Dr Jim Kim and international development community hail BRAC as a global leader in ending extreme poverty
On Sunday, 23 July 2017, Sir Fazle Hasan Abed, founder and chairperson, BRAC shared the stage with Dr Jim Yong Kim, president of the World Bank Group at the annual RESULTS International Conference held in Washington, DC.
At the plenary titled Going the Last Mile, Dr Joanne Carter, executive director of RESULTS and RESULTS Educational Fund, recognised Sir Fazle and Dr Kim as two global leaders and practical visionaries who did “what the world had said was too hard or even impossible”, played a critical role in fighting tuberculosis, and had what it will take to get to the last mile in ending extreme poverty.
Sir Fazle talked about the motivation behind BRAC’s globally successful graduation programme; reaching those trapped in ultra poverty.
Dr Kim emphasised the need for governments today to invest in their own people and move away from supply-driven investments to demand-driven investments.
Both Sir Abed and Dr Kim highlighted the role that women can play in fighting poverty, and the need to mobilise them as ‘agents of change’ for poverty alleviation.
"If women manage poverty why can't they manage development? We see women as the main agents of change"- Sir FH Abed #Voices4RESULTS— BRAC (@BRACworld) July 23, 2017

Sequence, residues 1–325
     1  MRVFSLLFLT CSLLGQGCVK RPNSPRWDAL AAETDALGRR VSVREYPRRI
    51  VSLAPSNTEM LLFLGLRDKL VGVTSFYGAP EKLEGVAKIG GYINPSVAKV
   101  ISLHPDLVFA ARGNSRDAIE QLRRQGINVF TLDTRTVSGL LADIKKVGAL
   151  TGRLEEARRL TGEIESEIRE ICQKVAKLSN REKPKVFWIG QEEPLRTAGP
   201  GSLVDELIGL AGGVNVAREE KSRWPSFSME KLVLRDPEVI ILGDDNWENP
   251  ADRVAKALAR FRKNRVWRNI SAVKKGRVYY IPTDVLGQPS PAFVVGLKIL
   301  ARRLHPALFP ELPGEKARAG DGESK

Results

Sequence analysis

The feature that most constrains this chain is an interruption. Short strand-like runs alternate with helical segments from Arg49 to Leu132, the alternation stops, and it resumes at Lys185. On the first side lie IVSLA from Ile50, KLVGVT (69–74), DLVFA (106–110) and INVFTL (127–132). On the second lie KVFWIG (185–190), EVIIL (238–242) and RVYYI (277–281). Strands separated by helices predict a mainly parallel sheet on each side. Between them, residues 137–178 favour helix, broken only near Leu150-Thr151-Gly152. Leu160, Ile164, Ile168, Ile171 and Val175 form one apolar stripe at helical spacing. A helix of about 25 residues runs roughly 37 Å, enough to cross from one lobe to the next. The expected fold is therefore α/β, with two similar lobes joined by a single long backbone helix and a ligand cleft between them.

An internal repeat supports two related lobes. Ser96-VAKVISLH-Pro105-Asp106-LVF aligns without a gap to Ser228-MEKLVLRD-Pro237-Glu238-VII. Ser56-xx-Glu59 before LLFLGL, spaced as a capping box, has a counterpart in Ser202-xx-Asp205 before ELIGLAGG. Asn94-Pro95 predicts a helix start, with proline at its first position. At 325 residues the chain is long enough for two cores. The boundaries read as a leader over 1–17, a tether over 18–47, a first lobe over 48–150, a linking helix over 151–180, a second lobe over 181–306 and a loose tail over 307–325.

In his closing remarks, Dr Kim expressed his concern of rising aspirations everywhere;
“We are racing against time and the sense of urgency we have today is greater than it was ever before,” he said. “We have to get better at thinking about the foundations of human solidarity. We have to find a way forward. We have to commit and recommit to equality of opportunity,” he concluded.
Representatives from BRAC presented the details of their graduation programme in a separate panel with panellists from the University of New Hampshire, Uplift and the RESULTS Educational Fund. This session provided the opportunity to understand the various forms of social protection and livelihood programmes and the need to make such programmes more comprehensive, adaptive and scalable in order to reach the extreme poor and provide them with better support to help escape poverty sustainably.